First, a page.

Aid for helping countries protect themselves against climate change is not targeted at the most vulnerable countries

by Jordan Beecher

Adaptation ODA is often allocated to less vulnerable countries with lower levels of poverty while countries most in need, especially conflict-affected countries, are poorly targeted

Aid for helping countries protect themselves against climate change is not targeted at the most vulnerable countries

Size of bubbles represents volume of adaptation-related ODA commitments in 2013, US$ millions. Vulnerability to climate change is defined as a country’s exposure, sensitivity and ability to adapt to the negative impacts of climate change, based on data from ND-GAIN – higher scores mean greater vulnerability.

Many of the world’s poorest people live in environmentally vulnerable places, and are more severely impacted than most by climate and other natural disasters as they are often the most exposed and have the least access to sustainable coping mechanisms or safety nets.

During COP21 (the 2015 Paris Climate Conference) this fortnight, world leaders and industry experts are coming together to discuss solutions to climate change and promote sustainable growth. This presents a key moment to look at adaptation-related official development assistance (ODA) – aid for building resilience to the impacts of climate change – and assess its ability to target the most vulnerable people. Current data shows that much needs to be done to ensure it is protecting those who are most at risk.

ODA is the primary international public resource that can be explicitly dedicated to reducing poverty. Thus among the multiple climate finance mechanisms that currently exist, climate-related ODA has a particular responsibility to recognise the links between poverty and climate change vulnerability and support interventions that assist the poorest people to mitigate against or adapt to the effects of climate change.

Climate-related ODA, particularly adaptation ODA, has an especially important role to play in the Sustainable Development Goal (SDG) era given extreme poverty is increasingly concentrated in complex and challenging contexts where conflict, instability and environmental vulnerability overlap. Adaptation ODA can help ensure the sustainability of SDG target outcomes through supporting interventions that seek to end poverty by strengthening the resilience of the poorest people against shocks and stresses that threaten efforts to end poverty.

Our analysis of data from the OECD shows that total climate-related ODA investments have been increasing over the last decade but contributions from bilateral donors do not adequately target countries where vulnerability to climate change and poverty is greatest. In 2013 for example, just 9% of country-allocable[1] adaptation ODA targeted countries with the highest levels of vulnerability to climate change.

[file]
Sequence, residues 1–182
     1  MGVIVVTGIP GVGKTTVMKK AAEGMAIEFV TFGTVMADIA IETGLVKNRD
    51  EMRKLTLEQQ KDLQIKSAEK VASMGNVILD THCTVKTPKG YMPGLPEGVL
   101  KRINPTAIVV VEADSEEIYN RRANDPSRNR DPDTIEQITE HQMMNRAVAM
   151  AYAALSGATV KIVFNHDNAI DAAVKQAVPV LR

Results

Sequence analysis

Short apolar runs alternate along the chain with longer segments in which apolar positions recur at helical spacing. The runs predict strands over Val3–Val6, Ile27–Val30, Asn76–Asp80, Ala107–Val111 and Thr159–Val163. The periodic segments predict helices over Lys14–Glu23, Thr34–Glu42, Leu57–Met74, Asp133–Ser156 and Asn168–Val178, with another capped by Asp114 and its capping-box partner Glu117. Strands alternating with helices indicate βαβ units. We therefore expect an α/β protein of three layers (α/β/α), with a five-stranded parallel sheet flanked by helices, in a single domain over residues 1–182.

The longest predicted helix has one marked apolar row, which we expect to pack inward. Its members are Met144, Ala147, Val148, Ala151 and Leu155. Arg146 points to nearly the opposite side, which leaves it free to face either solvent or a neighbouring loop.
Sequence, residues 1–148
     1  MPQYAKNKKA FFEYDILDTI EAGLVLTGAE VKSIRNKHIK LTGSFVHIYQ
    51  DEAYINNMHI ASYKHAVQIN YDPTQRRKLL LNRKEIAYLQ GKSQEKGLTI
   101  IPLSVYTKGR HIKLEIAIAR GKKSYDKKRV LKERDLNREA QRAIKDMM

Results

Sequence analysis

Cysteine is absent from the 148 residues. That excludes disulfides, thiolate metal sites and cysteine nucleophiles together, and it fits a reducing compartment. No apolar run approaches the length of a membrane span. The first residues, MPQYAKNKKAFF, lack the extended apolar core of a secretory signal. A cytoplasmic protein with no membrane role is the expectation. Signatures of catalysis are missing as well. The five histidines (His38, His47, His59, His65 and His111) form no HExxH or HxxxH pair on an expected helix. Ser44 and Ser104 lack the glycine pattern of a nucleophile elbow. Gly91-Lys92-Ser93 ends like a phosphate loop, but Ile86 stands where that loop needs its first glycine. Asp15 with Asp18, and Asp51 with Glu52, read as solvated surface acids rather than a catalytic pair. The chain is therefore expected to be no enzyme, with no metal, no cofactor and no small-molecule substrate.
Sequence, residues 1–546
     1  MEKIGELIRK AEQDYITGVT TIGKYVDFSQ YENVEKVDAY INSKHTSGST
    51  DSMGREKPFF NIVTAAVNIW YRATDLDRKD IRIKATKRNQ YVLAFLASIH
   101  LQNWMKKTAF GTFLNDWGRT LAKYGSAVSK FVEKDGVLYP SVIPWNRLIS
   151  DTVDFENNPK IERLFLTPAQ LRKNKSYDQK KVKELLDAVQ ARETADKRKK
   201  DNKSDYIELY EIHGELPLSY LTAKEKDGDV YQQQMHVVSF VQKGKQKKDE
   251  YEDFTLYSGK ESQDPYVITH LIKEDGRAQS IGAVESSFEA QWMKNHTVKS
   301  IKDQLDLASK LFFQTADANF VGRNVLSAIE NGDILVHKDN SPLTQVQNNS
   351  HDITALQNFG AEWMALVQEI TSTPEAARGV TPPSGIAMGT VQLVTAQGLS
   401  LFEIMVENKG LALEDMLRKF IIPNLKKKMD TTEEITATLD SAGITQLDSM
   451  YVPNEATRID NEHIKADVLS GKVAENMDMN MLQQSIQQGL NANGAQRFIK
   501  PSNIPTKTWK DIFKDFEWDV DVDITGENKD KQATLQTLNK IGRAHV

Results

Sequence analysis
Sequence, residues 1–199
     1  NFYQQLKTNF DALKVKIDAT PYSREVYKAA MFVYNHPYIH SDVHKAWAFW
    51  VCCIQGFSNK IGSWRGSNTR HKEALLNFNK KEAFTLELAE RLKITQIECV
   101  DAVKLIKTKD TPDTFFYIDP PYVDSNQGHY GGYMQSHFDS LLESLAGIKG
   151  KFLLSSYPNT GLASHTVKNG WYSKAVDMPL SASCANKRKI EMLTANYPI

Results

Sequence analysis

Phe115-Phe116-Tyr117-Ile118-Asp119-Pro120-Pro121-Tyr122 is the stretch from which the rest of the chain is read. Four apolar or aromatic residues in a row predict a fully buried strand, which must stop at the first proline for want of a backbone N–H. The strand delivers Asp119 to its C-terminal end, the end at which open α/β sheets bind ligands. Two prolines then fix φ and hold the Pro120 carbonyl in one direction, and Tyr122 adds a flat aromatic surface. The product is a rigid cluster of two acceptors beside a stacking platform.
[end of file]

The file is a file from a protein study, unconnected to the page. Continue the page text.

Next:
Our chart looks at the volume of adaptation ODA commitments to developing countries against their vulnerability and poverty depth levels and shows how resources are not allocated to where need is greatest. Liberia, Burundi and the Democratic Republic of Congo for example received just 2% of total adaptation ODA in 2013 despite being in the highest ranges of both poverty depth and vulnerability. Conversely, over a quarter (27%) of adaptation ODA targeted countries with medium levels of vulnerability and relatively low levels of poverty (1%–5%). Viet Nam received the single greatest amount, equal to 13% of total adaptation ODA, yet is statistically less vulnerable than most countries and has less severe poverty.

Our chart also reveals that many of the countries among the highest ranges of vulnerability and poverty depth are also countries facing conflict and political fragility. Such countries in particular receive relatively small amounts of climate-related ODA despite their vulnerability.

Although this is a top-line analysis, it is clear that support currently provided to developing countries for climate change adaptation falls short of needs and could be targeted more effectively. Further analysis is of course needed, and is limited by a lack of comprehensive and quality data on poverty and vulnerability. While improving adaptation-ODA allocations, we must also therefore be seeking much better data to track existing and new commitments and most importantly to monitor the progress of the world’s poorest and most vulnerable people.

Explore further: which countries are most vulnerable to climate change?

For a detailed explanation of ‘depth of poverty’ see Investments to End Poverty 2015 information box 1.1



[1] Country-allocable ODA is the ODA which can be attributed to a specific country as opposed to a region

Chart sources: Development Initiatives calculations based on OECD DAC, PovcalNet and ND-GAIN.